What Every Athlete Should Know About Overtraining

overtraining in athletes

There was a period of time about 2 years ago when I was a bad ass.  6’2’’.  200 lbs.  9% Body Fat.  Ran a mile with a 25 lb vest in under 7 minutes and could deadlift over 2 times my bodyweight.  

I say this not to brag, but to illustrate a point.  

It was in the month or two that followed that something changed.  

I started going the other way.  

I started regressing instead of progressing.  

I gained body fat, my performance faltered, and everything was just difficult, including work and play.  

All the while, I was training more than ever and I was eating a Paleo-template diet full of nutrient dense vegetables, fruits, Paleo-friendly carbs (tubers), and some not so Paleo-friendly carbs (mainly rice), plus generous amounts of protein.   

This of course discouraged me and being the curious type that I am, I had to find a reason for this.  

Children ask 244 questions a day and I was definitely pushing this number during this whole experience. Most of my questions centered around “what” and “why”.  

The “what” was adrenal fatigue due to overtraining.  

The “why” is where it gets fun. Prepare to geek out a little.

What is Overtraining Syndrome?

Overtraining Syndrome (OTS) is simply when the body cannot adapt to the demands being placed on it. It is usually due to a lack of rest and opportunity to recover. This can result in neurologic, endocrinologic, and immunologic degradation.  

Dollarphotoclub_27936337How do I know if I’m overtraining?

Listening to your body is a skill that every athlete should develop. It will serve you in many ways, and knowing if you’re going too hard is one of them.

“There’s a distinct difference between pushing yourself and breaking yourself.”

The following put you at increased risk of developing OTS:

  • You’re doing any of the following on a daily basis:
    • High intensity interval training (HIIT)
    • Heavy lifting
    • Extended endurance training
  • You sleep less than 8 hours per night.
  • You work in a stressful job/environment.
  • You don’t take time to have fun.

The following chart depicts the typical signs and symptoms associated with overtraining.  

Neurologic Changes Endocrinologic Signs Immunologic Symptoms
  • Difficulty concentrating
  • Mental Fog
  • Memory issues
  • Insomnia
  • Mood swings
  • Depression
  • Compulsion to exercise
  • Loss of enthusiasm
  • Severe fatigue
  • Decreased muscle mass
  • Increased body fat
  • Night Sweats
  • Altered heart rate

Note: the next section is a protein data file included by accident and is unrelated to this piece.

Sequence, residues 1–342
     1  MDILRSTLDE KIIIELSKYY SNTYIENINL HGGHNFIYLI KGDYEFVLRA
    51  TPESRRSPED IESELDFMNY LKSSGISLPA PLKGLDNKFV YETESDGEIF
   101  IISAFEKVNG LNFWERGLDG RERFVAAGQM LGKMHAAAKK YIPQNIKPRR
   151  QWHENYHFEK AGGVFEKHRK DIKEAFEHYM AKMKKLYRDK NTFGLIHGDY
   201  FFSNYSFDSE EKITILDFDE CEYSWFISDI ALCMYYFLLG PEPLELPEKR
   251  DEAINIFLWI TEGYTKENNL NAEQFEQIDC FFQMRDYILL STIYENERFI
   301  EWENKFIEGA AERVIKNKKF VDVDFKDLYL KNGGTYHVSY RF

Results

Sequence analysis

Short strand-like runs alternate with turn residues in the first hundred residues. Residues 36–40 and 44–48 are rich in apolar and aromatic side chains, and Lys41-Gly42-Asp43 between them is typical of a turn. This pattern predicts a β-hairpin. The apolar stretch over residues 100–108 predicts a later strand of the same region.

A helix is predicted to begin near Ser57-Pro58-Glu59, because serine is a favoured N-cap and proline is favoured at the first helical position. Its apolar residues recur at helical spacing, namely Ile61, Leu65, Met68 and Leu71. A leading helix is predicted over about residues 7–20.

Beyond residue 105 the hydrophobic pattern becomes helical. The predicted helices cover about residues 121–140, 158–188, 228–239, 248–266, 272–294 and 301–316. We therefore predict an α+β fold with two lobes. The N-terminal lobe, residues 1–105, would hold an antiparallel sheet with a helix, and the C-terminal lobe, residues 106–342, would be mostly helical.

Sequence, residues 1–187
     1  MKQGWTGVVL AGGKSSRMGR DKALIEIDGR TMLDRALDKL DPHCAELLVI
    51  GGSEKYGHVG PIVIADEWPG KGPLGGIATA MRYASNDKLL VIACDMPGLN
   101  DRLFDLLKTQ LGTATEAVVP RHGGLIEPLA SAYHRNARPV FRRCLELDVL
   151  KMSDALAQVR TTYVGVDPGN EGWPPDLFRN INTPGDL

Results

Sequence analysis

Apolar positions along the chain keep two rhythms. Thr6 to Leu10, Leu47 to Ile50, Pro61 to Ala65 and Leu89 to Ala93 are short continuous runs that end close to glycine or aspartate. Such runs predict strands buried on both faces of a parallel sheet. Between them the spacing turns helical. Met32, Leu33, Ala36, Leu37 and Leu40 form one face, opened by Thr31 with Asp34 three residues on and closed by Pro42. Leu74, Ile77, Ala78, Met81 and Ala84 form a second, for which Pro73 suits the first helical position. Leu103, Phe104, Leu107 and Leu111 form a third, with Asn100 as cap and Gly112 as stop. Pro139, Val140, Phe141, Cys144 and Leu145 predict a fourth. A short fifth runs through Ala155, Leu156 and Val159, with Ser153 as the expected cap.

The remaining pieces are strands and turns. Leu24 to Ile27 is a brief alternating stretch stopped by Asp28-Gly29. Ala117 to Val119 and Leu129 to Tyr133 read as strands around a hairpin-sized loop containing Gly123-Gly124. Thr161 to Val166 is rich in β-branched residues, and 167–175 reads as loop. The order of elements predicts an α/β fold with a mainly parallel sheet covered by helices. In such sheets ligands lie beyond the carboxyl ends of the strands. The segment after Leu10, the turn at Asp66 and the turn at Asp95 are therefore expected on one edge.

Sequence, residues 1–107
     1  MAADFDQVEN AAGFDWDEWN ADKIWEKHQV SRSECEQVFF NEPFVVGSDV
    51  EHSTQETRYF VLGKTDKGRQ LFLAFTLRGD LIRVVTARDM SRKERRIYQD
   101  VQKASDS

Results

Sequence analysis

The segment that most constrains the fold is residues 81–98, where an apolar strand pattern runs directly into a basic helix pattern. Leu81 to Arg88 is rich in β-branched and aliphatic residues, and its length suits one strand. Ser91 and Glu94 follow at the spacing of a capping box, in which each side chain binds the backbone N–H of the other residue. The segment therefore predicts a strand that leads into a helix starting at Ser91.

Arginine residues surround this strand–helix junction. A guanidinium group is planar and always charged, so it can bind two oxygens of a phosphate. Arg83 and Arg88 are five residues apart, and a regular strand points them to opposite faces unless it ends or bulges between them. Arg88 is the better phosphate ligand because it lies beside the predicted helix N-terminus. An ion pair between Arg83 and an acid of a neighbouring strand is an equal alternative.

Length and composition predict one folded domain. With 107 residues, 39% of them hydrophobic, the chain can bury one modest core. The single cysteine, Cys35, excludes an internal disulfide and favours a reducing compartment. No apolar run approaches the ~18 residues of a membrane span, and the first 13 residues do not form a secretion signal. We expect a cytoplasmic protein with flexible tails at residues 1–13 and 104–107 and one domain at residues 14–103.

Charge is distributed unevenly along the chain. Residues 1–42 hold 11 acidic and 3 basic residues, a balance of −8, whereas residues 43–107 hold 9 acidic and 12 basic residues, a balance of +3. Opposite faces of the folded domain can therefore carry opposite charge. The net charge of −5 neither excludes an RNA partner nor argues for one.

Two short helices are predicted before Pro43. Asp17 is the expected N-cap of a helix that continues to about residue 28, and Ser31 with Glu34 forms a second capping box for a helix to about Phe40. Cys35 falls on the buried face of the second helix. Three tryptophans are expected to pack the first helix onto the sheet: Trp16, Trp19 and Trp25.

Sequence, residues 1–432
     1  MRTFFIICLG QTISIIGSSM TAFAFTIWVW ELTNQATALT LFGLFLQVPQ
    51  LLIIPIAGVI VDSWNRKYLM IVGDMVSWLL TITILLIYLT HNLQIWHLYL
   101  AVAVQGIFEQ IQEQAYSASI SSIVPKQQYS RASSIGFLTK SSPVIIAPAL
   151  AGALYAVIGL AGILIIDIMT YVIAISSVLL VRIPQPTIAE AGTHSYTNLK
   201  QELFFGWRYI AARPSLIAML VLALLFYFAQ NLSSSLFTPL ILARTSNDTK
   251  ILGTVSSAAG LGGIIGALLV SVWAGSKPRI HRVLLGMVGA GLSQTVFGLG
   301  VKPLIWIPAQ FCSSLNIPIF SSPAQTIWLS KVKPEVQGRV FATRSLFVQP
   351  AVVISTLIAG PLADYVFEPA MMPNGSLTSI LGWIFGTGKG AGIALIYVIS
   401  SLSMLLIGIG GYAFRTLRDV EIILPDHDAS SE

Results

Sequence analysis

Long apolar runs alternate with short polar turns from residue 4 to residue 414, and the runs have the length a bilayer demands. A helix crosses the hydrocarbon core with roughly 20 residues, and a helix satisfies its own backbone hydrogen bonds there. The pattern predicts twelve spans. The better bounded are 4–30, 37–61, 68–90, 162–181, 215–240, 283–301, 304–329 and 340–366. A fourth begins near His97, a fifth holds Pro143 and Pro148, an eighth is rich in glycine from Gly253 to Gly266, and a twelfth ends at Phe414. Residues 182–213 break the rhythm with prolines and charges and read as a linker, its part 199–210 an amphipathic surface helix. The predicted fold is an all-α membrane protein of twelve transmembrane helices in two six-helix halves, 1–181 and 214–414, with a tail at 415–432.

• Insatiable thirst
  • Sick more often
  • Decreased immunity
  • Fever, aches, chills
  • Inability to recover from workouts
  • Increased number of injuries
  • Impaired healing

There are other signs and symptoms that may be present, but this constitutes the most common ones.  

If you are experiencing any of these symptoms, you need to take a hard look at your training, diet, and recovery and if severe or pervasive seek out the help of a professional.

What can I do about it?

It has been well studied that imagery or envisioning your goals, improve athletic performance in competition, but I believe this can be extrapolated to daily training. Few studies have been done on meditation and athletic performance, but if we look at the overall benefits of meditation, it’s hard to argue that it wouldn’t be beneficial to athletic performance.  

“Meditation improves cognition, mental clarity, creates a more positive outlook, and improves overall well-being.”

The most important factor when it comes to rest and recovery is obviously sleep.

In a 2011 study out of Stanford, college basketball players were asked to reach a goal of 10 hours of sleep per night. For most of the players that was about a 2 hour increase over what they usually slept.

Over the next 5-7 weeks of this extended sleep period, the players had faster sprint times, increased shooting accuracy, decreased reaction times, decreased perceived sleepiness and fatigue, increased endurance and feeling of overall well-being.

Deep sleep is when the body and mind recovers. During deep sleep, your body releases hormones that promote muscle repair and assimilation of neuronal pathways.

“Athletes should be aiming for about 9-10 hours of sleep per night.” 

Overtraining can be very complex depending on how long you have been in this overtrained state, other health conditions, and the way in which you have dealt with it so far. For that reason, I’d encourage you to seek out a functional medicine doctor that can help you determine the extent of damage to the neurological, endocrine, and immune systems and help you to formulate a treatment plan that will get you back on track faster and a prevention plan that will help guard against overtraining in the future.

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TheAthElite community thanks Guest Post Author and Functional Medicine Doctor, Brandon Allen, PharmD of Refueled Life for sharing with us.
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